Photojournalist Voeten examines the curious duality of life in a war zone, where he might narrowly escape death in the morning and be offered a shower and cup of coffee in the afternoon.
The author describes a journey to Sierra Leone in the late 1990s. He’s there to photograph demobilized children who were once soldiers but are now cared for by a Catholic charity trying to remold them into regular boys and girls. Ironically, most of the kids want to be fighters when they grow up. Other ironies abound in a West African country where rebels are terrorizing the people in order to oust a government that terrorizes the people. A common greeting in the street is “How de body?” It’s a local version of “How are you?” but it has acquired a nasty resonance in Sierra Leone, where many people have had one or more limbs chopped off. Despite the horrors of his subject matter, Voeten’s fresh, punchy prose rarely becomes sentimental. He is compassionate toward the people of Sierra Leone and toward his readers, who will be grateful that he provides short chapters with tangents on the bigger picture surrounding the country’s plight. His analysis of the history of amputation during wartime, for example, keeps in touch with the dreadful topic but gives them a break from the grim story at hand. Those interested in journalism will find this memoir exhilarating. From what he packs into his suitcase, to his bout with post-traumatic stress disorder, Voeten always finds a way to come back to his private concerns as a foreign correspondent looking out for a story. When the two story-streams coincide, the effect is powerful. In the thick of the tale, his audience will feel the same tension Voeten experienced when he was hiding away from rebels bent on killing all foreigners in their path.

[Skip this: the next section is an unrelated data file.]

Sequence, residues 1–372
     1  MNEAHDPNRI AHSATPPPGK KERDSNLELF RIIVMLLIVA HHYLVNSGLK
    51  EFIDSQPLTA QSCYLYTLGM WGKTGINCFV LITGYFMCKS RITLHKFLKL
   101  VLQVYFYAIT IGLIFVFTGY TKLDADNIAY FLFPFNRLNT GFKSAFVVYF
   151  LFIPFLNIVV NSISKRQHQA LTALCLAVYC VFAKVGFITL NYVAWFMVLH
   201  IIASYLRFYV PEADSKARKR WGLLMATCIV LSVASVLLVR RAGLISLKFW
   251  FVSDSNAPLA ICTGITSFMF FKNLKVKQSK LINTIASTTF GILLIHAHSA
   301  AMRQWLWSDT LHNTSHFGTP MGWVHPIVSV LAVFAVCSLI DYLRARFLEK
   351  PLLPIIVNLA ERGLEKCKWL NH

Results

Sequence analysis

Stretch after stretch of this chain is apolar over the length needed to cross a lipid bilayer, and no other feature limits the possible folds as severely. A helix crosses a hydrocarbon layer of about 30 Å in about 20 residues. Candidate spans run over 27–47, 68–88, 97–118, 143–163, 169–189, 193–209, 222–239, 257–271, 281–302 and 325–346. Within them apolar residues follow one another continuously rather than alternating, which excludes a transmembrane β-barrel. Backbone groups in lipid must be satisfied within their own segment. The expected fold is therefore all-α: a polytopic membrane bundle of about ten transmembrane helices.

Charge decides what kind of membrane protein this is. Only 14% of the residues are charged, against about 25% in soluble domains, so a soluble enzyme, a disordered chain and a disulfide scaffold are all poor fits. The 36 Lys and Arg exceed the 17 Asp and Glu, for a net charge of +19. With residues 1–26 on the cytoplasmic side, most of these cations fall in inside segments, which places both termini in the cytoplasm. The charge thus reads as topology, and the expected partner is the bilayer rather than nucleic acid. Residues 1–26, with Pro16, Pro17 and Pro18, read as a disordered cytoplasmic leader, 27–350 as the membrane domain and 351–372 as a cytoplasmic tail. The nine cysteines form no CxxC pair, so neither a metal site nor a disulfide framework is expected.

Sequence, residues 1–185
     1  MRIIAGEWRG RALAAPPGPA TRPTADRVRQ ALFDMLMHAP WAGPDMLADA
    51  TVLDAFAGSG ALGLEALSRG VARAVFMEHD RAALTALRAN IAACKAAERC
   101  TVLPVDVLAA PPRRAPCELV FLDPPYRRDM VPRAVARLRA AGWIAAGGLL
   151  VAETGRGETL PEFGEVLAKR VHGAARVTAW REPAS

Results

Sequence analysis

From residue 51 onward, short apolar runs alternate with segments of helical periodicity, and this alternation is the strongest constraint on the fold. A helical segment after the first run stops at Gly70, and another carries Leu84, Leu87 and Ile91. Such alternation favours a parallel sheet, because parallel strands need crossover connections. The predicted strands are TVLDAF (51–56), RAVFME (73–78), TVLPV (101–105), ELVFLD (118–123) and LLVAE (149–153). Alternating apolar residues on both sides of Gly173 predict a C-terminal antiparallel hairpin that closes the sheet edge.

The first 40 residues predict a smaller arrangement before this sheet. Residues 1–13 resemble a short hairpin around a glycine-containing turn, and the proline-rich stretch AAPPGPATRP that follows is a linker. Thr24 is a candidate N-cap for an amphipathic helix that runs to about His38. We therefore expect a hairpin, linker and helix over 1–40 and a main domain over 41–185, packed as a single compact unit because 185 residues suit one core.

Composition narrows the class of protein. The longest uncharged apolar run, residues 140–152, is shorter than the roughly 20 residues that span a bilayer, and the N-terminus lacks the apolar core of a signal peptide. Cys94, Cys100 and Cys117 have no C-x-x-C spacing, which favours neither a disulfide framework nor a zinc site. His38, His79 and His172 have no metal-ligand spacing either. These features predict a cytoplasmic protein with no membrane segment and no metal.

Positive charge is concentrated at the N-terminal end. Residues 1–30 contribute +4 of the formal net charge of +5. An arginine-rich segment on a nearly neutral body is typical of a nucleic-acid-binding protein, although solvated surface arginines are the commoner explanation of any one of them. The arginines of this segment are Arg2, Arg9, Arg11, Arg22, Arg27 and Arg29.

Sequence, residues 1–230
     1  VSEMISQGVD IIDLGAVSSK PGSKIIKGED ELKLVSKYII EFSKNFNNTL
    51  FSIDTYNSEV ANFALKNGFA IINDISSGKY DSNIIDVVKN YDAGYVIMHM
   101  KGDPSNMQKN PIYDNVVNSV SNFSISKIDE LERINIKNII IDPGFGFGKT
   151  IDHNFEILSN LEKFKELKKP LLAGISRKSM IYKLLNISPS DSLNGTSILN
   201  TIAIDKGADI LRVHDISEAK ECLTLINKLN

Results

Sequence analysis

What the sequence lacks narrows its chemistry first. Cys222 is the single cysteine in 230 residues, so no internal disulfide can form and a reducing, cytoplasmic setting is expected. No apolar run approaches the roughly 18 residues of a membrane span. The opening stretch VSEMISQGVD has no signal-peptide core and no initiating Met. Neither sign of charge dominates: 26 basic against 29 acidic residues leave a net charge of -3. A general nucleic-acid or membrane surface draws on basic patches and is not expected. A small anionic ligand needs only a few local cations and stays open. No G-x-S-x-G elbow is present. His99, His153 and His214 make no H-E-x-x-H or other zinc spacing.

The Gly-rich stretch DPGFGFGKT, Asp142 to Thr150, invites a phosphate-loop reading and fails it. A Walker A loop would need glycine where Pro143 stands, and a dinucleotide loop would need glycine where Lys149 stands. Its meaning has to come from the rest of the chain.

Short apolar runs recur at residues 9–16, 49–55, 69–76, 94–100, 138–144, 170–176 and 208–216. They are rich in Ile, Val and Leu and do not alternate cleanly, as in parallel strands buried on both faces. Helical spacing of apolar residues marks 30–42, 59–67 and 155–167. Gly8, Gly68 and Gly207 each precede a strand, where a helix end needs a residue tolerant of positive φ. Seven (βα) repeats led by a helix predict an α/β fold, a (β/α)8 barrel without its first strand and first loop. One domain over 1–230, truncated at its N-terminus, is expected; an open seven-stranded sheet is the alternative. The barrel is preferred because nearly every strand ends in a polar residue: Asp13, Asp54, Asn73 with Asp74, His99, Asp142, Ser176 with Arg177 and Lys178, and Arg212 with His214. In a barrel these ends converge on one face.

A heroic portrayal of an overlooked, blood-soaked corner of the world.